Gone, a short story by Kathy Whipple at Spillwords.com
Meric Tuna



written by: Kathy Whipple


Rosetta Wimbleby disappeared on her eightieth birthday. It happened so gradually, that even she wasn’t aware she was gone. She hadn’t expected to blow out candles on an iced cake on her special day but thought perhaps someone would notice what was left of her, small though it was. She had her toenails painted—Cherry Crush. Hard to miss. But when not a soul noticed her toes, they vanished along with the rest of her, and she ceased to exist.
Rosetta told people she started to disappear the day she turned fifty, but it really began much earlier.
She was a pretty child, the kind the teachers doted on. “Rosetta, you’re pretty as a plum pie,” Miss Jane had said. After that, Rosetta counted on her looks, even learned to use them. She batted her eyelashes and smiled her way through school. Got picked for teams, chosen to represent her peers…asked out. A lot.
Even after she married George, men noticed her.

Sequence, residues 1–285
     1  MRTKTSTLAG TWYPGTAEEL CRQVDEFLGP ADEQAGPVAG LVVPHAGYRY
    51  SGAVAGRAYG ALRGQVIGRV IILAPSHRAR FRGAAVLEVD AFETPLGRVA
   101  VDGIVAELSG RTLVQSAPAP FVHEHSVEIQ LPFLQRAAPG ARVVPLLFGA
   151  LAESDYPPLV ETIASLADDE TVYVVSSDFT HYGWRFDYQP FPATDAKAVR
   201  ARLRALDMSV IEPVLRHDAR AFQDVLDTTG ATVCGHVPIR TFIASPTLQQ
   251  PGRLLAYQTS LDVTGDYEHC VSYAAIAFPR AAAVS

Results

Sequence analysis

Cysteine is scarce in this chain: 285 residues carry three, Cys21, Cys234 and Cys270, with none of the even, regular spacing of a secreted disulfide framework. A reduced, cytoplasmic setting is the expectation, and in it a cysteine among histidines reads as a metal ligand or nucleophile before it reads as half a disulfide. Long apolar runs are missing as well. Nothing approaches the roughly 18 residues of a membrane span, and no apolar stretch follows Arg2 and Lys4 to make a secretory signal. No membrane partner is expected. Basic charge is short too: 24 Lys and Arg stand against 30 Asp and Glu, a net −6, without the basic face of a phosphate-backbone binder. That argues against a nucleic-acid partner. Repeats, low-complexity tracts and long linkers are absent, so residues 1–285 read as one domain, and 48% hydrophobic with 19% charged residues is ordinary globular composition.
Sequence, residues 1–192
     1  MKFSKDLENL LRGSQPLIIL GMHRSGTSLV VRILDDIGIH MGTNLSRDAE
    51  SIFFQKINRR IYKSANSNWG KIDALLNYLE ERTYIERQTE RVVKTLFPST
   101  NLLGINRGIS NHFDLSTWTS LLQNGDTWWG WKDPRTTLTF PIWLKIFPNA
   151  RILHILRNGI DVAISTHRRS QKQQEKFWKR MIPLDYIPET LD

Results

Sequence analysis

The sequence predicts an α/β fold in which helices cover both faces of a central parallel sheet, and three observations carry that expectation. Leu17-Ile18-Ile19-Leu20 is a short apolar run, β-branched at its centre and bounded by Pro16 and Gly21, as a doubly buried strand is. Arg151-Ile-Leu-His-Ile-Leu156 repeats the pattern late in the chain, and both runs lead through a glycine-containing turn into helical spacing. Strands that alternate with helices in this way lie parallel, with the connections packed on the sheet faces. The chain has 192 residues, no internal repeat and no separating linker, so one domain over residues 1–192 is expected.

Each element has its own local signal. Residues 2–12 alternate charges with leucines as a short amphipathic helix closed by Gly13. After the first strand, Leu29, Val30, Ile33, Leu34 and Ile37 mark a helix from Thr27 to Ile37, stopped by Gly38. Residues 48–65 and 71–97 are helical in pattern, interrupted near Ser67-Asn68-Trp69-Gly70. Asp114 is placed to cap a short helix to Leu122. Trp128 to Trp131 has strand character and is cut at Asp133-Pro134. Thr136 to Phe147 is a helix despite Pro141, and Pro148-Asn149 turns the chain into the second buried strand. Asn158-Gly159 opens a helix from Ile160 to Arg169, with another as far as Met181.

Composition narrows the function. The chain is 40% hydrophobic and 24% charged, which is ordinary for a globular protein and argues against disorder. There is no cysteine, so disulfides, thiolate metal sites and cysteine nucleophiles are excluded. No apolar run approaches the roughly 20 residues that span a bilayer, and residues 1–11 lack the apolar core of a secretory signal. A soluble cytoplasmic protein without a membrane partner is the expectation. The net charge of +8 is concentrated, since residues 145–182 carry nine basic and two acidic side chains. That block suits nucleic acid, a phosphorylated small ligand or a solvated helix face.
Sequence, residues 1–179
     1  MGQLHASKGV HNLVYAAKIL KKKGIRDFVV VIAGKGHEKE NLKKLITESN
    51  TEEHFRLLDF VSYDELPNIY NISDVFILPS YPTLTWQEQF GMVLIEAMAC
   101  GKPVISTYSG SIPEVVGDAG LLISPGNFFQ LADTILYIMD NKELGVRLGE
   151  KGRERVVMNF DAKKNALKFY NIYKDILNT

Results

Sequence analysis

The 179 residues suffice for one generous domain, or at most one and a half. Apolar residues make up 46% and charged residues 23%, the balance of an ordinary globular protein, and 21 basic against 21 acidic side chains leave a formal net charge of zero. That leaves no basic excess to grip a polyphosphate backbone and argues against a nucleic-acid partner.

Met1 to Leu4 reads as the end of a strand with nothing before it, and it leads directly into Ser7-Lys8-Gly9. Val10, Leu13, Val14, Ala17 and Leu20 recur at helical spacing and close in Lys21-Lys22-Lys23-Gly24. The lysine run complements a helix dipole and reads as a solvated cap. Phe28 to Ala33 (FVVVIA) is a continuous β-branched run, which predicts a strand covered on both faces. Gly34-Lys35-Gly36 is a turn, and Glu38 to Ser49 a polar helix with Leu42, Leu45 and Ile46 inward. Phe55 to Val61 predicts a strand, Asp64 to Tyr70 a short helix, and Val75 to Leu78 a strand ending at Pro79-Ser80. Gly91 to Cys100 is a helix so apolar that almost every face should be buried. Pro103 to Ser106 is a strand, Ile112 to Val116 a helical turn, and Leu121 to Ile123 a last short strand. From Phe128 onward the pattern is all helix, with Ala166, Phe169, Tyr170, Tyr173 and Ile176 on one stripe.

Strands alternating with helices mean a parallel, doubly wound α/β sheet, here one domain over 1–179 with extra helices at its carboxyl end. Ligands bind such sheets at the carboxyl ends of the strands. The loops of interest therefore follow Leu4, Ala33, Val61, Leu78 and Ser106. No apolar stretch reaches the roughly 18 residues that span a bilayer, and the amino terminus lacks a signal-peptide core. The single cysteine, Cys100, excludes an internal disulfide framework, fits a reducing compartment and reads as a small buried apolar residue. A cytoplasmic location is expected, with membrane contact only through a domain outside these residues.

Once, three men on scaffolding at a construction site near the Sears-Roebuck leered at her.
“Hot day, huh?”
“Bend over sweetheart.”
“Give us a peek!” they yelled.
She never liked the catcalls, but she was used to them. Those days no one thought much of it. If she was honest with herself, they validated her beauty in a sad sort of way.
The catcalls ceased when her belly bulged with her first child. Six months into the pregnancy, the bun in her oven became the center of attention. People stared.
“You’re carrying like it’s a girl,” said an elderly woman in an elevator. The woman placed her hand on Rosetta’s stomach. Patted it. “Mark my word, it’s a girl.”
When her son was born three months later, Rosetta’s stomach disappeared forever. She never again bothered to put on a bikini. When she nuzzled her infant’s wrinkled neck, she didn’t mind so much about her stomach.
For a time, her breasts vanished completely under a nursing drape, but Rosetta fought back. When the child was a year, she again wore a deep-V cut blouse, and her breasts reappeared. Sometimes even the catcalls, but never when the infant was with her.